Some schools offer mental health services through their psychiatry departments and others offer free counseling for students, but these programs expressed the view that students will seek help, and they may not be enough to address the structural the specific characteristics of medical school that increase depression. For instance, Mata’s meta-analysis found that merely 16 percent of the students who screened positive for depression sought treatment.
Examples of institutional change, on the other hand, include Saint Louis University School of Medicine’s recent decision to adopt a pass/ fail system and reduce class time by 10 percent, which resulted in improved academic performance and fewer students reporting symptoms of anxiety and depression.
While Mata says that it’s a good sign more medical schools are taking the mental health and well-being of their students seriously and offering services like free counseling, yoga or mindfulness meditation, organizations need to take a more structural approach to change.
“Both of these things put the onus on the student, and I don’t think get to the root causes of depression, which are more system-based issues, ” he said. “There are a couple of big changes that can be made.”
The Culture Around Mental Health Needs To Change
There are certain deeply ingrained aspects of medicine culture that make it difficult to fix this problem, Dr. Stuart Slavin argues in an editorial also published in JAMA.
If you satisfy criteria for major depressive disorder, you shouldnt stay home, dig your heels in and try to tackle it on your own. Dr. Douglas Mata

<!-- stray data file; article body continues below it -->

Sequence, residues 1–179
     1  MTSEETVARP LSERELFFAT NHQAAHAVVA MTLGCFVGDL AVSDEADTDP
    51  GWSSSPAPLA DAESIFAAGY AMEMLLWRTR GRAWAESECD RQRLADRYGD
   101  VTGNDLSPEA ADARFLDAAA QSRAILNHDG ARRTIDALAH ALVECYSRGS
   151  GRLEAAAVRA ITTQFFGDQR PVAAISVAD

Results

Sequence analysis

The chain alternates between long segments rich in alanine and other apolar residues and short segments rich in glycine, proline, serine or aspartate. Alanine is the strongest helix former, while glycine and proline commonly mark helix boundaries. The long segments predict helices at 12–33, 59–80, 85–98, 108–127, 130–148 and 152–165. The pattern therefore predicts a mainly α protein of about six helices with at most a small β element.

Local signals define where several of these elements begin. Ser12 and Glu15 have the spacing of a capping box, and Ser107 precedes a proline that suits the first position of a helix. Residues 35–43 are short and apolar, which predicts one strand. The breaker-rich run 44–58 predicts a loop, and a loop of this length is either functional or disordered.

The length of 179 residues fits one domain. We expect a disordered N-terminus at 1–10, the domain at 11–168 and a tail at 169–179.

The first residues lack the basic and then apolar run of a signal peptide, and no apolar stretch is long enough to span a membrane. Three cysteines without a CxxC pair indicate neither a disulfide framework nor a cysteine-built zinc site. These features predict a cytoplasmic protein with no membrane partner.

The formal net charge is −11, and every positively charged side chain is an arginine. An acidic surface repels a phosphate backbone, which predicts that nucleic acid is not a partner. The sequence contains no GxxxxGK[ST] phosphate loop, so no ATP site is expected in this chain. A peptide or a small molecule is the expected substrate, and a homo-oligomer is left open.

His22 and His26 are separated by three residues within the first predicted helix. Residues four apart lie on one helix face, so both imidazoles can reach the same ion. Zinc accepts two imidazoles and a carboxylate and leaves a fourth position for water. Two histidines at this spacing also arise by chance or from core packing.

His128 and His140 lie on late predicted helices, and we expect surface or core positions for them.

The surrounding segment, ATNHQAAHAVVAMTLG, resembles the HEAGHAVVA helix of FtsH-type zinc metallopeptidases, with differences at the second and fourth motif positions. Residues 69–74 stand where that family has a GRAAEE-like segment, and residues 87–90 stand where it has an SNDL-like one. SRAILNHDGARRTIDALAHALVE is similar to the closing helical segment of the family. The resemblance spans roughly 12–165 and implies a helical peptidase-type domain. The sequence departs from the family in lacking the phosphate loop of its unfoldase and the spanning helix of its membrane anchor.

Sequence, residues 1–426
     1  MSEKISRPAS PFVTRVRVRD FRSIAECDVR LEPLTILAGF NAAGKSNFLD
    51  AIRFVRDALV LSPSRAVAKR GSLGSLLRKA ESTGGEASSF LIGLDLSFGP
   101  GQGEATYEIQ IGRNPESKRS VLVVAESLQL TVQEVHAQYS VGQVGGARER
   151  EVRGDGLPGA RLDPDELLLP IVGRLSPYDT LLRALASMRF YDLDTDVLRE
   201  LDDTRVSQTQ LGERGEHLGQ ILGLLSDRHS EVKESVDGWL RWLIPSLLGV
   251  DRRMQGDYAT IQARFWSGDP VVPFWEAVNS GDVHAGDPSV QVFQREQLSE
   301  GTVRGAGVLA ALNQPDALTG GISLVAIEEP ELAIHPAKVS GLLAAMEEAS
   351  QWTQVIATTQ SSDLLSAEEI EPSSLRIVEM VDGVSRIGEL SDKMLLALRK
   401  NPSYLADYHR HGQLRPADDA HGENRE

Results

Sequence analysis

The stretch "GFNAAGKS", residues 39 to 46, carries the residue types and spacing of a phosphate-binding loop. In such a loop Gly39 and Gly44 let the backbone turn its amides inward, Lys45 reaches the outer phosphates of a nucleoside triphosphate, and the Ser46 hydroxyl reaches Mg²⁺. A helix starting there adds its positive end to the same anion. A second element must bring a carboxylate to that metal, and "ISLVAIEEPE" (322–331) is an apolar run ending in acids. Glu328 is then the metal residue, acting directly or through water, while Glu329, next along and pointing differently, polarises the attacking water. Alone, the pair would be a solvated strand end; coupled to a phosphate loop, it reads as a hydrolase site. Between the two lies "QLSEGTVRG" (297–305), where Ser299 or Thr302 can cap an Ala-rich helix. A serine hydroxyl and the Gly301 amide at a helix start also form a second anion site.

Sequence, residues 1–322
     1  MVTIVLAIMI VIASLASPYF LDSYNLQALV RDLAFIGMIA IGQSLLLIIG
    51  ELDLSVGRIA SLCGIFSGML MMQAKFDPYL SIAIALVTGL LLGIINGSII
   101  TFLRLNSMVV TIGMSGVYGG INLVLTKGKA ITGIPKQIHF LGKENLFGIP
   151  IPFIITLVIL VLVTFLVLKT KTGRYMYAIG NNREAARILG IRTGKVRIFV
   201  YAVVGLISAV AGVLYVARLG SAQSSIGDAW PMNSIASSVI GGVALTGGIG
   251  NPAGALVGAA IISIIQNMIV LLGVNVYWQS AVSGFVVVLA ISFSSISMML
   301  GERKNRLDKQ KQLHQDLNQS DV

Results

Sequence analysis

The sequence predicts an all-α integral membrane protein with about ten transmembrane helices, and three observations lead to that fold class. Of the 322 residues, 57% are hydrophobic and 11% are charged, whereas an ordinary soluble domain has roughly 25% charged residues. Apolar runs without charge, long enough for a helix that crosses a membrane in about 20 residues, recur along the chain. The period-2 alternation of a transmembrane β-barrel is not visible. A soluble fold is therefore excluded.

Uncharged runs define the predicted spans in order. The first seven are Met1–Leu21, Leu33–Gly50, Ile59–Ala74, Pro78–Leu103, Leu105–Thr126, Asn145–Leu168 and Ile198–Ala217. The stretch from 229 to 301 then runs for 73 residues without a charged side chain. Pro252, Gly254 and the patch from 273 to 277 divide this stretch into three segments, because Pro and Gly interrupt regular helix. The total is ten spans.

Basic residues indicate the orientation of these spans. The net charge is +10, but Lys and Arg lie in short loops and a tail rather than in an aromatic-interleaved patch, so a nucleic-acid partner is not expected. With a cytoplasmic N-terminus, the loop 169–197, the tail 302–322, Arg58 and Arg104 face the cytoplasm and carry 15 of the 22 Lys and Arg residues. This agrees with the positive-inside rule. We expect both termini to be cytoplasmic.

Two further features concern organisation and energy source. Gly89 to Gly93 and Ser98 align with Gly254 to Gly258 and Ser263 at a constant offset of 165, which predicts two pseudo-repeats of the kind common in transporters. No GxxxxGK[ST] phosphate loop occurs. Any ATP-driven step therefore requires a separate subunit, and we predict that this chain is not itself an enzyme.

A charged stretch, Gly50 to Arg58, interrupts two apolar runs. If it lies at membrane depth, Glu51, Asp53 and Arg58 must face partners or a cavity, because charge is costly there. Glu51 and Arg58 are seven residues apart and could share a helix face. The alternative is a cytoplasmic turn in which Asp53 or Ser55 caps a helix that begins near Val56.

“The first is the faith by some that medicine is a demanding profession and, hence, medical school should also be extremely rigorous and demanding. If students are not’ strong’ enough to handle the stress, then they should probably attempt another profession, ” wrote Slavin, who is the associate dean for curriculum and a pediatrics professor at Saint Louis University School of Medicine. “A second aspect of medical culture is that mental problems commonly have not been taken as seriously as physical problems.”
Mental illness stigma is particularly rampant in the medical community, Slavin indicates, and likely prevents students from trying help.
Mata hopes that his examine and similar research serve as a wake-up call for both medical schools and medical students. Merely as a person with an infection would go to a doctor for antibiotics, or a person with diabetes would take a pill or insulin, people with depression should seek medical treatment, he concluded.
“If you fulfill criteria for major depressive disorder, you shouldn’t stay home, excavate your heels in and try to tackle it on your own, ” Mata said. “You should go assure somebody, because both medication and therapy are equally effective, and it’s not a sign of weakness for people to get treated for their illness. It’s an illness just like any other.”
If you or someone you know requires help, call 1-800-273-8255 for the National Suicide Prevention Lifeline . Outside of the U.S ., please visit the International Association for Suicide Prevention for a database of resources.